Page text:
The Libyan Civil War: Free of Gaddafi after 42 Years
The Libyan civil war took place in 2011 as forces loyal to longstanding Libyan ruler Colonel Muammar Gaddafi battled rebels seeking to remove his regime from power. The war started in the coastal city of Benghazi with a series of protests, but when security forces fired into the crowd, Libyans across the nation were enraged and the Benghazi protests escalated into a full-blown civil war that spread across all of Libya.
The Libyan rebellion
Libya had been ruled for 42 years by Gaddafi — a cunning dictator who often belittled and antagonized his own people. Gaddafi so suppressed dissidents that many Libyans were afraid to even say his name. Libya’s oil revenues made it one of the more prosperous nations in Africa, but nothing went to the people. Many Libyans were malnourished and poor, and Libyan children suffered high rates of anemia. (For more insight on Gaddafi and Libya’s history leading up to the war, see the article, Colonel Muammar Gaddafi.)
The first of the Benghazi protests took place on February 15, 2011. A week later, Gaddafi opponents overtook the city and rejected Gaddafi’s leadership by establishing an interim government called the National Transitional Council (NTC).
The West had long considered Gaddafi to be a nuisance, so France and the United Kingdom (along with Lebanon) seized the opportunity to convince the United Nations to pass resolutions that froze the assets of Gaddafi and his closest Libyan supporters and established a no-fly zone over Libya. A subsequent U.N. resolution authorized member nations of the U.N. Security Council to use “all necessary measures” to prevent the Libyan military from attacking civilians. These resolutions were all in place by February 26, 2011. Meanwhile, the rebels gained land and towns around Benghazi.
On March 19, the Libyan army retaliated and reclaimed several cities along the Mediterranean before pushing towards Benghazi. The army attacked Benghazi, but rebel forces held them off. Finally, the French Air Force, acting with authority from the U.N. resolution to protect Libyan civilians, bombed the Libyan army and set them into retreat. This act by France allowed the rebellion to continue.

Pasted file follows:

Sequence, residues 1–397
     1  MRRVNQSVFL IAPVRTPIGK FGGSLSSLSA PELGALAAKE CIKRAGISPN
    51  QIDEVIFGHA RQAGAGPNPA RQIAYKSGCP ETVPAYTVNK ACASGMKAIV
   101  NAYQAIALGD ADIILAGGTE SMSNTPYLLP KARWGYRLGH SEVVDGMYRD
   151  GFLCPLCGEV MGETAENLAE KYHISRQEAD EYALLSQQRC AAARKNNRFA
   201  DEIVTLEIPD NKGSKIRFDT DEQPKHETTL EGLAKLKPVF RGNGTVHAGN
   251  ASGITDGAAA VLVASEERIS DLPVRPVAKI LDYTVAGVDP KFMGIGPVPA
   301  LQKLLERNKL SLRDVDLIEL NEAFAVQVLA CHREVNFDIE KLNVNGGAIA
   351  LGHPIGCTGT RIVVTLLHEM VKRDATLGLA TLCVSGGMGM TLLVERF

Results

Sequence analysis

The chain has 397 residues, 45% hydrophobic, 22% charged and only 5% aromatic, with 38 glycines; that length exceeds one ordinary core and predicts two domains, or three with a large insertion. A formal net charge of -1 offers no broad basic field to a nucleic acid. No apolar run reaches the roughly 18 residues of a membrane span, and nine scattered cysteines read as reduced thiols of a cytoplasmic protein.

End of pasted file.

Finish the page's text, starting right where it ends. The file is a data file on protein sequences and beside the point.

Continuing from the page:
Gaddafi declared a ceasefire but failed to uphold it, and the rebels and Gaddafi’s loyal army continued to fight through the summer. Gaddafi offered several more ceasefires but rebels rejected them all. Rebels also rejected attempts made by the African Union to end the conflict — because none of the proposed plans for peace included Gaddafi’s ousting from the government.
In August, rebels launched an offensive along the coast that reclaimed some of the land and towns they had lost months before and ultimately captured the city of Tripoli, Libya’s capital. Gaddafi evaded capture and his loyal military continued to fight. On September 16, the United Nations recognized the National Transitional Council as the legal government of Libya. Muammar Gaddafi remained at large until October 20, when he was captured and killed attempting to escape. The NTC declared the liberation of Libya and the official end of the war on October 23, 2011.
Libya after the war
Since the war, some former Gaddafi loyalists have waged a few small insurgencies. The NTC was persuaded to recognize an alternative government in the former Gaddafi stronghold of Bani Walid. The NTC has also had problems with some of the militias that formed during the rebellion that have since refused to disarm. Some demonstrations have occurred as the NTC has tried to both forcibly disarm the militias or assimilate them into the Libyan military.